“Through the awareness-raising we did through Red Together last season, we’ve definitely seen more understanding and engagement with what our values are from an anti-discrimination perspective in the ground. That’s really encouraging.

“Everyone has been made aware of the club’s values and what we stand for and therefore if someone was to cross the line we can say: ‘We made it really clear and there are consequences which come with certain behaviours.’

“But those consequences aren’t just about kicking someone out, they are about education and making sure that everyone – not just the individual – is told: ‘We are Liverpool Football Club, these are our values.’

“We can’t be absolutely perfect on absolutely everything, but if we focus in on the topics that really need progress and are really important, we know that we can use our voice in a really positive way.”

An example of Red Together’s proactivity and educational value came last August, when Klopp sat down with Paul Amann – founder of Kop Outs, a fan group established in 2016 to provide a voice for LGBT+ supporters – in response to homophobic chanting during the Reds’ match at Norwich City.

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Watch Jürgen Klopp's conversation with Paul Amann

“Straight away our fanbase is engaged because it is Jürgen. He speaks so well, he is so passionate, he is so authentic, he is an incredible ally for ED&I and particularly for the LGBT+ community,” Jain notes.

“That’s great and we can work with him to use his voice and his impact and people will listen. They don’t want to listen to me! But they’ll listen to him, as we all will, and that is great.

“As soon as he speaks everyone stops because they know something magical is coming, so Jürgen sitting down with Paul and being so open and honest and saying, ‘I don’t understand, talk to me about it,’ it’s incredible.

“He did the same thing with Meikayla Moore. He had that conversation for Rainbow Laces and he ends up asking Meikayla about how and what it is like to come out as a gay athlete, to your family, to your teammates, to your coaches.

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Watch the boss' chat with Meikayla Moore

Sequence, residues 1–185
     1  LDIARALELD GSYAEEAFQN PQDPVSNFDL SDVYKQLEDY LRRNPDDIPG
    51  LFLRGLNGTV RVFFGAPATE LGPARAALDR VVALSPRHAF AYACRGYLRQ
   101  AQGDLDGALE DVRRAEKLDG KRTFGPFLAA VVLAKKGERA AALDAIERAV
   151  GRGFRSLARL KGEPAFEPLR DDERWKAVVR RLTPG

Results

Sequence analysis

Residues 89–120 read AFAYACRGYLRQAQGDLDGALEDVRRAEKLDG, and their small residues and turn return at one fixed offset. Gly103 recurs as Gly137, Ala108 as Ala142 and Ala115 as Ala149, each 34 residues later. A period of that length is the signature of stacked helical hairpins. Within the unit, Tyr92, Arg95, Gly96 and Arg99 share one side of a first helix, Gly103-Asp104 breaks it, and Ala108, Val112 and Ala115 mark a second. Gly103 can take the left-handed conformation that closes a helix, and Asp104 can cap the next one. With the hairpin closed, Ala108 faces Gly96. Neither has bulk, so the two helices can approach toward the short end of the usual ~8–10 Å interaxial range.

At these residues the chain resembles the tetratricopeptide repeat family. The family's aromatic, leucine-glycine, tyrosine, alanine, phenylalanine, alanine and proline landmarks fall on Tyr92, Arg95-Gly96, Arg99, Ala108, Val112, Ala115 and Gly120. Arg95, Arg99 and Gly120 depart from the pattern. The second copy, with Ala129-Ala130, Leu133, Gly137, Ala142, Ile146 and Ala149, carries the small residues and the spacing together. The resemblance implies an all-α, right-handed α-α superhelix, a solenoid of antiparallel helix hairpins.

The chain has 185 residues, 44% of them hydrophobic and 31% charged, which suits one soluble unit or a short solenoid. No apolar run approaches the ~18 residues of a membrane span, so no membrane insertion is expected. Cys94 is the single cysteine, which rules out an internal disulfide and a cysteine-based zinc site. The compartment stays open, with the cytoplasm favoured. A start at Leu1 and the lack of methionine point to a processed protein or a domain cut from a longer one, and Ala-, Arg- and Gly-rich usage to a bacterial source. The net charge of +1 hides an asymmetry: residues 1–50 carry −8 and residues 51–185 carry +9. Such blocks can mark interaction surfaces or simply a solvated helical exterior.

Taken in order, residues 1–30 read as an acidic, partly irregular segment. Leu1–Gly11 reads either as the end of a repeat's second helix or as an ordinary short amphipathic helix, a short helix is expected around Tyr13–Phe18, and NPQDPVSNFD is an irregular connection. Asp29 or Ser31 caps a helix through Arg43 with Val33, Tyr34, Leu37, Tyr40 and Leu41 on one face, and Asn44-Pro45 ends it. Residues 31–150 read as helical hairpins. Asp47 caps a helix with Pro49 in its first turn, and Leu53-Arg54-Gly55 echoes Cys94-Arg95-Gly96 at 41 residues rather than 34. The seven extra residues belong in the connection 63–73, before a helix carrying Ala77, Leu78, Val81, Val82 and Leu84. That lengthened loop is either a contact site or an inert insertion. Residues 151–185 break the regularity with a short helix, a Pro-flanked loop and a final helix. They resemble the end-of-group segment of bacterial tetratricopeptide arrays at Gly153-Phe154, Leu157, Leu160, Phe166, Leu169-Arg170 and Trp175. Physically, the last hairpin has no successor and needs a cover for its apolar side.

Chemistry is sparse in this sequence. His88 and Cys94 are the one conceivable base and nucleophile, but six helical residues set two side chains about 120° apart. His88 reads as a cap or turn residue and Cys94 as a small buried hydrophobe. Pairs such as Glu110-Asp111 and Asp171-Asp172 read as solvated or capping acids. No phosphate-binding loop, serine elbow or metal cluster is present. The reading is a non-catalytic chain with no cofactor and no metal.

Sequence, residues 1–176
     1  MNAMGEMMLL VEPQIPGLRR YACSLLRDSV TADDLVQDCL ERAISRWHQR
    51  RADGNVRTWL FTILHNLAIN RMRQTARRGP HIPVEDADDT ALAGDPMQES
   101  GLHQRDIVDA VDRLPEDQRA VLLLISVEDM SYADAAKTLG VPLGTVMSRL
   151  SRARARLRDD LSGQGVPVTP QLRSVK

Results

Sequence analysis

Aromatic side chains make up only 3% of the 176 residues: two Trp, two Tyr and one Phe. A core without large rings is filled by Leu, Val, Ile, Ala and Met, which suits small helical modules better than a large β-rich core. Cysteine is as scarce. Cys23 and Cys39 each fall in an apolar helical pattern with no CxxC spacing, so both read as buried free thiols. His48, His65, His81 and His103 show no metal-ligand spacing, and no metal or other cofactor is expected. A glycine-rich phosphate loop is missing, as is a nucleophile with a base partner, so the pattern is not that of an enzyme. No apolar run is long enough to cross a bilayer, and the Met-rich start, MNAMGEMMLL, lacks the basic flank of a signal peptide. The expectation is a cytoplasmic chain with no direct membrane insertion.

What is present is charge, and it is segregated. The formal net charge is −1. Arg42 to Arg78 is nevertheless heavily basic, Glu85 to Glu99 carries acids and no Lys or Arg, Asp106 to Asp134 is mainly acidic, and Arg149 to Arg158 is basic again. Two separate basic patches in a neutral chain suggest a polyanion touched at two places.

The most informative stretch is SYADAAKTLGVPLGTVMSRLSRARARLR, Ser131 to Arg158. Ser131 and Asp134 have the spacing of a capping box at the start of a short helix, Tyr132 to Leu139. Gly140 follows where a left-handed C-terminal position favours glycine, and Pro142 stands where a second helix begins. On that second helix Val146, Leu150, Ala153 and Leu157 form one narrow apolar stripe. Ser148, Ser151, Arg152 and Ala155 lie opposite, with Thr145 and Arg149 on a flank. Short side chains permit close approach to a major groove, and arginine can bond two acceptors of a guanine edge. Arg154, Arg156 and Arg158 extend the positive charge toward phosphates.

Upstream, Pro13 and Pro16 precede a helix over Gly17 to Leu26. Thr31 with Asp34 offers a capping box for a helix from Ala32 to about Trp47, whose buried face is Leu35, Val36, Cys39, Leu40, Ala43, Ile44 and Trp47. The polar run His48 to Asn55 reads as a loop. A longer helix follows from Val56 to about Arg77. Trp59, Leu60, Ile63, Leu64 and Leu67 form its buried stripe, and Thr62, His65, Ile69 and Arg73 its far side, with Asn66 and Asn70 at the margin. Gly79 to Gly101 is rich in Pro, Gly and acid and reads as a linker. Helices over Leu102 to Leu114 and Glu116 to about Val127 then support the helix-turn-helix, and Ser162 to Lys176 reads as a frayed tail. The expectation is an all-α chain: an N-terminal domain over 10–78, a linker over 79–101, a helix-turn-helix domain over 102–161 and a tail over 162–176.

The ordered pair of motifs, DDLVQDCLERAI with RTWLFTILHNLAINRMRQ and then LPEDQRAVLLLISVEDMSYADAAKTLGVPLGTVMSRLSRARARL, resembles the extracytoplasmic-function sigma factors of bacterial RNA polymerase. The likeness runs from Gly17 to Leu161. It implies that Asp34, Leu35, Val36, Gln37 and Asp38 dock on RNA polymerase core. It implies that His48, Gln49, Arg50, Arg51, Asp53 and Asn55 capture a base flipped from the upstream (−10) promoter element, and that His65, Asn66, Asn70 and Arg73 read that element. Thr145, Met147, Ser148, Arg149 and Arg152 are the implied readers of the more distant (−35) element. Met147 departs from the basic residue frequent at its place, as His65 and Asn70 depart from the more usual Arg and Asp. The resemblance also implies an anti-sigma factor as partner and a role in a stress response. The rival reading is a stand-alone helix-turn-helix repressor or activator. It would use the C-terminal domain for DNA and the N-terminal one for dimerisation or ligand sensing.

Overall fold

“He’s really self-aware, he said: ‘I’m 54, I haven’t really had a huge amount of exposure to this, but I do have friends who are LGBT+ so I am always learning.’

“That honesty and humility to say, ‘I want to do as much as I possibly can but I know I’m not the finished article because nobody is’ goes a long way because it shows to our supporters and to the players and colleagues and staff that you can have those conversations.

“You can be inquisitive, you can feel you need to know more about something and it’s tied in really nicely to the work we’ve done around launching the Pride range in the retail stores because it is a visible way of showing allyship.”

The cover of the programme for last season's Red Together fixture
The cover of the programme for last season's Red Together fixture

What is the next stage for Red Together, then? How will the club go about developing its ED&I work further?

“It’s great and it’s important that in months like October there is a real focus on certain topics but the key thing for me is, ‘How do we continue that conversation all year round?’” Jain details.

“Because if we do not continue to talk about these areas throughout the whole year, we are not being true to our values. We have to make sure that we are highlighting these topics and making a positive impact on everyone we engage with because if we don’t, it’s just not worth it.”

Another dedicated Red Together fixture at Anfield is set to take place in 2023 following the successful promotion of the programme at last season’s game against West Ham United, while Jain is also keen to involve both players and supporters in the club’s future projects.

“We want to share messages which fans can then go out and advocate in their own way and actually celebrate what it means to be part of Liverpool Football Club both on and off the pitch,” he ends.

“There’s loads of internal stuff that we need to do around that, there are always things we can do better, but it’s always really important for us to demonstrate our values and say: ‘We are Liverpool Football Club, this is what we believe in and this is what we are all about.’”

  • Learn more about Red Together here


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This article has been automatically translated and, while all reasonable efforts have been made to ensure accuracy, some errors in translation are possible. Please refer to the original English-language version of the article for the official version.